Pork and Kimchi (Kimchi, pt. 2)

Pork and cabbage instinctively go together. It’s one of those universal combinations that seems to reappear in cultures throughout the world (with the notable exception of those that forbid pork in their diet). From the many iterations of pork and cabbage in Europe—an infinite variety of sausages and roast pork paired with sauerkraut or braised cabbage, and the all-in-one combo: stuffed cabbage—to the barbeque pulled-pork and coleslaw of the American South, there’s something about the slightly acidic tang of cabbage that highlights the subtle flavors of pork. My personal favorite variation on the pork and cabbage theme is daeji bulgogi and kimchi from Korea.

Daeji bulgogi is spicy, marinated pork (its cousin, bulgogi, is non-spicy, marinated beef) that’s barbequed and serves as the inspiration for my take on pork and kimchi. While my version is far from authentic, I’m able to incorporate my own home-made kimchi in the dish without overwhelming the pork flavor. I start with a nice piece of pork loin from Bluescreek Farm Meats in the North Market, which I thinly slice. I then marinate the pork slices in a mixture of soy sauce, sesame oil, gochujang (a spicy/sweet fermented Korean chili paste), and a little brown sugar for about an hour. I’ve mulled adding kimchi to the marinade but have deferred, as I like the combination of the sweet and salty notes of the marinated pork with the spiciness and  sourness of the kimchi. Adding the kimchi to the marinade, I’m afraid, might throw off that balance.

Bluescreek pork loin

For the kimchi, I incorporated some small adjustments to my original kimchi post to create a new batch of stinky, fermented goodness. The first alteration I made (and have since changed the recipe on the original post) was to reduce the amount of salt; even though I rinsed after brining, the final product was too salty, even for my taste. (That being said, I would advise against cutting the salt too much as it is the salt that helps arrest bad bacteria growth, allowing the good bacteria to get a jump on things.) I also increased the amount of garlic and ginger from the original recipe and did what I should’ve done in the first round: take the extra time to blend the peppers, garlic, and ginger into a paste. This not only resulted in a more traditional-looking kimchi, but helped infuse the heat of the peppers, as well as the garlic and ginger flavor, throughout the kimchi. For fermentation, I followed the same procedure as before: leave the open jar (covered with a damp towel) on the counter for about three days, then transfer to the refrigerator.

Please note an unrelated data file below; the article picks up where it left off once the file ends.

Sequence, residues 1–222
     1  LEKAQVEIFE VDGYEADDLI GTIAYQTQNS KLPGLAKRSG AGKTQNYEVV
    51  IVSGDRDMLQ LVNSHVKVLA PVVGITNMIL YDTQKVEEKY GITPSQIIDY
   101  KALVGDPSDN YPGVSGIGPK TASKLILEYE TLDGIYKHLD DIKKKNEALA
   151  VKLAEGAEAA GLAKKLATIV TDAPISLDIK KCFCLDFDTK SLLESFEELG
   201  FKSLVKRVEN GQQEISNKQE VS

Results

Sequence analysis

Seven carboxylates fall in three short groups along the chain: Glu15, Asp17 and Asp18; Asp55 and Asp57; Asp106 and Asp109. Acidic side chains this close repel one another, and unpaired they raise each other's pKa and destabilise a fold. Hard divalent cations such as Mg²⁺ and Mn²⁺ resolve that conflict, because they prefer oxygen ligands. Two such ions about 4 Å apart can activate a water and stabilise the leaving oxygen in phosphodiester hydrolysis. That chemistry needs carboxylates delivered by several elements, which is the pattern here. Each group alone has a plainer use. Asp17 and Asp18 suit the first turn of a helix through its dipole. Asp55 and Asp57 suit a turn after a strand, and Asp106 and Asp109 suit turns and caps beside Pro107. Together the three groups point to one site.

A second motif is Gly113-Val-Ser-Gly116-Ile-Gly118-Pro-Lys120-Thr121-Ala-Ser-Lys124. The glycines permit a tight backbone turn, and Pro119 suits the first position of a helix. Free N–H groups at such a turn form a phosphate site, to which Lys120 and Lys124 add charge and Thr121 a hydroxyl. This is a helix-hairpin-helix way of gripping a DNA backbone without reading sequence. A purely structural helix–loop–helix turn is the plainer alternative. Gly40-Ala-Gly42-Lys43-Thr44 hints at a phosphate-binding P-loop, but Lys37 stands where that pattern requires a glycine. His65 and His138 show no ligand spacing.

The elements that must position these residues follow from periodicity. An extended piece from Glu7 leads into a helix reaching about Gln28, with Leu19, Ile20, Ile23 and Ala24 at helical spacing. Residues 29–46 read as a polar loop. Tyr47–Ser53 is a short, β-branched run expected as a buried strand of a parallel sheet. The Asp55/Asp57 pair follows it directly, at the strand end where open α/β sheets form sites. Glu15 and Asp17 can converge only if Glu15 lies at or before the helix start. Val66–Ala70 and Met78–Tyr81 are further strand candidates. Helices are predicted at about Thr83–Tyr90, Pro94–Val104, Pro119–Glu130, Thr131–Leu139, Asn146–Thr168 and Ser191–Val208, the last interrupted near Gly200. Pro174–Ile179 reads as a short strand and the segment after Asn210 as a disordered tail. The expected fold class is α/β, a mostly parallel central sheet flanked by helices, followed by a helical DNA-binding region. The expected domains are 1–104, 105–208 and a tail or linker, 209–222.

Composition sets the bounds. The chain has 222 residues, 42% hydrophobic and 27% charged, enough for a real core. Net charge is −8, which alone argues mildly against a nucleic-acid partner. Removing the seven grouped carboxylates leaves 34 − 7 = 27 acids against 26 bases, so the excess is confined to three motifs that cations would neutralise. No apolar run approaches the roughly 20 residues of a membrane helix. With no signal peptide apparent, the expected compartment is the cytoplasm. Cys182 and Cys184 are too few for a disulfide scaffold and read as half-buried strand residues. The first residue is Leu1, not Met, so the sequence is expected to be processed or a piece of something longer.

kimchi

When the pork is finished marinating, I add a little sesame oil to a wok; add the pork, a good-helping of kimchi, and sliced onions to the hot wok;  and stir fry until pork is done. I serve with a side of rice and top with sesame seeds. Pretty simple, but delicious (if I do say so myself).

pork and kimchi

While my pork and kimchi is quite tasty, I still feel compelled to make my requisite visits to Diaspora in order to obtain the traditional version. Their daeji bulgogi is not only my favorite menu item (when I visit, they always seem to know what I’m going to order), but it is accompanied by a never-ending array of banchan—small side dishes that accompany Korean meals.

Fermented cabbage, whether in the form of sauerkraut or kimchi, is the perfect companion to pork. If you’re a pork and cabbage fan and haven’t tried the Korean version, daeji bulgogi and kimchi offer a spicy take on this quintessential food combination.

4 responses to “Pork and Kimchi (Kimchi, pt. 2)

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